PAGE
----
The PU.1 genomic region containing -627 to +435 (transcriptional initiation site was referred to +1) was amplified from gDNA by PCR. The PCR product was cloned into pBluescript and DNA sequence was confirmed by DNA sequencer (ABI, Foster City, CA). The PU.1 promoter region (-627 to +150) was inserted into a promoterless luciferase vector, pGL3-basic (Promega, Madison, WI). The reporter construct and pRL-TK carrying control Renilla luciferase gene were cotransfected with PU.1 expression vector (pEF-PU.1) and GATA-2 expression vector (pOPI3-GATA-2) into CV-1 cells by calcium phosphate method as previously described.24  Transcriptional activities were measured by dual luciferase reporter kit (Promega) and transfection efficiency was normalized by RL-TK activity.

Results

Induction of megakaryocyte differentiation by GATA-2

In the course of hematopoietic differentiation from ES cells on the OP9 stromal layer, multipotential definitive hematopoietic progenitors appear at day 5 and continue to differentiate to various hematopoietic lineages in the absence of exogenous cytokines.37,38  The time course of this differentiation recapitulates early hematopoietic development. All hematopoietic cells at a specific time point are at the same stage of differentiation because differentiation is initiated only once and progresses synchronously.

Initially, we carried out a morphologic analysis of day 9 differentiation-induced cells with or without overexpression of GATA-2 from days 5 to 9 (Figure 1A). In the absence of M-CSF, overexpression of GATA-2 did not significantly alter the morphology of the cells. In the presence of M-CSF, the majority of the cells were morphologically identifiable macrophages. Overexpression of GATA-2 from day 5 in the presence of M-CSF inhibited macrophage differentiation, and AchE+ megakaryocytic cells appeared. These morphologic changes corresponded closely to the expression of macrophage, megakaryocytic, and erythroid cell lineage markers (Mac-1, GPV, and TER-119, respectively; Figure 1B).

Figure 1.

Redirection of differentiation from macrophage to megakaryocytic lineages induced by GATA-2. (A) May-Giemsa and AchE staining of cells at day 9. (B) Surface expression patterns of Mac-1, GPV, and TER-119 at day 9. Addition of M-CSF and induction of GATA-2 expression occurred at the times indicated.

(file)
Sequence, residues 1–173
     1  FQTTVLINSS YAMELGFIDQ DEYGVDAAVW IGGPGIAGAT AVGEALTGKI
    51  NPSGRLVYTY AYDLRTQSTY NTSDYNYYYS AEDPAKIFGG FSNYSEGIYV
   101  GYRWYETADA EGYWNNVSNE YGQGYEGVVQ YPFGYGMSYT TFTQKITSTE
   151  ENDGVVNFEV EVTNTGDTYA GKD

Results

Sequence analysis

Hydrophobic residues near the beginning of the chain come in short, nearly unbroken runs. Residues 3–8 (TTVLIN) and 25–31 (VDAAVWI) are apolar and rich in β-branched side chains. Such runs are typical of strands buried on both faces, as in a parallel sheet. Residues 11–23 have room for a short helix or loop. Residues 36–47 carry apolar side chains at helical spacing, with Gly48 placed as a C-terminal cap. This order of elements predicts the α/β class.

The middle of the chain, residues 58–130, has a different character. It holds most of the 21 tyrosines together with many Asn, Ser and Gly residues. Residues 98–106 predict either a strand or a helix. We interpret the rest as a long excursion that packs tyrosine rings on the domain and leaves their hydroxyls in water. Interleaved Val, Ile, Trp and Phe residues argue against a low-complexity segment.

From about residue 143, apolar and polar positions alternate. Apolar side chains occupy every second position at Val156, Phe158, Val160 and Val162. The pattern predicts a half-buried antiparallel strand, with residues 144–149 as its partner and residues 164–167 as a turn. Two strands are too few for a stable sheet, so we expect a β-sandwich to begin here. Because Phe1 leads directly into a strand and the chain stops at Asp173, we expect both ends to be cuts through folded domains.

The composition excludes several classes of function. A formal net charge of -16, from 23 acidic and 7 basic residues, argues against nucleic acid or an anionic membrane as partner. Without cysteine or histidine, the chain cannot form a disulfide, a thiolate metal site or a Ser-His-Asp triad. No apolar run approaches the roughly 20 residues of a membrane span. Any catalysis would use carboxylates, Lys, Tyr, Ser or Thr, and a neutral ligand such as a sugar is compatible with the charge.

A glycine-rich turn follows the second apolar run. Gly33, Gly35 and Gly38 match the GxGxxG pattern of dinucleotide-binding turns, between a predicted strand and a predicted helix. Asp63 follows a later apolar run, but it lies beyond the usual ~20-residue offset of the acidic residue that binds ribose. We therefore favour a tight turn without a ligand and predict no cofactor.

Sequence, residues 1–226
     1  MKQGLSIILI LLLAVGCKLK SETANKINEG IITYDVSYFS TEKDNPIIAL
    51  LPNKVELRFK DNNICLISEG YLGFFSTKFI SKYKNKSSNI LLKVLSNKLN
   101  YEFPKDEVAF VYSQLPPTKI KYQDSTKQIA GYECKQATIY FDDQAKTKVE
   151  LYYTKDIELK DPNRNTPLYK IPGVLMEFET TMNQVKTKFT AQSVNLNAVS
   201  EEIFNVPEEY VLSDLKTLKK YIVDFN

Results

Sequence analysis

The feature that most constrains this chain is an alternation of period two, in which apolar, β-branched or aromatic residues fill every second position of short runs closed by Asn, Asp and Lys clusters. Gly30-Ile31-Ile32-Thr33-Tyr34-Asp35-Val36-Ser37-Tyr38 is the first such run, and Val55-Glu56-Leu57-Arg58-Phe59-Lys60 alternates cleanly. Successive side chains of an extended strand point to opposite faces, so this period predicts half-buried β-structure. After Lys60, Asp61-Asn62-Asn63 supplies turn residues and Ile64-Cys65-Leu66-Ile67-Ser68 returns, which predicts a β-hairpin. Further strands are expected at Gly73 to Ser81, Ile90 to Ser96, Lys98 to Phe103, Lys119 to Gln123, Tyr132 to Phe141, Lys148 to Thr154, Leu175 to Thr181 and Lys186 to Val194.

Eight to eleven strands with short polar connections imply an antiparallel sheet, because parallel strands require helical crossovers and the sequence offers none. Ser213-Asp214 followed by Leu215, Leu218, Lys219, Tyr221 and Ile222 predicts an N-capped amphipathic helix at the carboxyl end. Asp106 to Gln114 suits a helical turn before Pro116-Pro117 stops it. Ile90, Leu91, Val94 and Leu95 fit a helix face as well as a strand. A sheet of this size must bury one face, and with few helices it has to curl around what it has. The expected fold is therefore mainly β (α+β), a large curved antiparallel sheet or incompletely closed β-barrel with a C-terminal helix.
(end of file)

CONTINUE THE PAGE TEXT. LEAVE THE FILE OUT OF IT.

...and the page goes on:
Figure 1.

Redirection of differentiation from macrophage to megakaryocytic lineages induced by GATA-2. (A) May-Giemsa and AchE staining of cells at day 9. (B) Surface expression patterns of Mac-1, GPV, and TER-119 at day 9. Addition of M-CSF and induction of GATA-2 expression occurred at the times indicated.

We next analyzed the effect of Gata2 when the gene was overexpressed for shorter periods, commencing with day 5. Percentages of cells positive for Mac-1, GPV, and TER-119 at day 9 are shown in Figure 2A. GPV expression analysis and AchE staining showed that differentiation to megakaryocytes occurred even when expression was induced only for 1 or 2 days (D5-D6 and D5-D7, respectively; Figure 2A-B). The effect of transient GATA-2 expression on the levels of GATA-1, GATA-2, and PU.1 proteins was analyzed by Western blotting (Figure 2C). When Gata2 was not overexpressed, neither GATA-2 nor GATA-1 was detectable, but PU.1 was detected, reflecting macrophage differentiation. In contrast, when GATA-2 was expressed from days 5 to 8 or 5 to 9, the expression pattern was completely altered: GATA-2 and GATA-1 were detectable but PU.1 was undetectable. When GATA-2 was expressed for shorter periods, from days 5 to 6 or 5 to 7, GATA-2 expression was undetectable at day 9. Thus, transient GATA-2 expression down-regulated PU.1 expression and up-regulated GATA-1 expression concomitantly.

Induction of erythroid differentiation by GATA-2

We next varied the day on which Gata2 expression was initiated. Because hematopoietic differentiation occurs only once and proceeds in a strictly synchronous manner, cells at different time points have different differentiation statuses in our experimental system. When Gata2 expression commenced on day 6 or 7, Mac-1 expression was suppressed. Expression of the megakaryocyte marker GPV was not up-regulated (Figure 3A); instead, the expression of the erythroid marker TER-119 was very high. Morphologic examination confirmed that erythroid differentiation had occurred (Figure 3B).

RT-PCR analysis showed that the PU.1 expression pattern was quite different when GATA-2 expression began at day 5 versus day 6. Expression levels of PU.1 at 1 day after initiation of Gata2 expression are shown in Figure 3C. When Gata2 expression was induced at day 5, PU.1 expression was significantly reduced to about 10% of the control. This decrease of PU.1 expression was presumably due to the down-regulation of PU.1 expression and was not attributable to the differentiation to macrophages because 1 day was not enough for the differentiation to macrophages. However, when Gata2 expression was induced at day 6, no significant alteration of PU.1 expression was detected. These data suggest that reduced or continuous expression of PU.1 promotes lineage skewing to megakaryocytes or erythroid cells, respectively.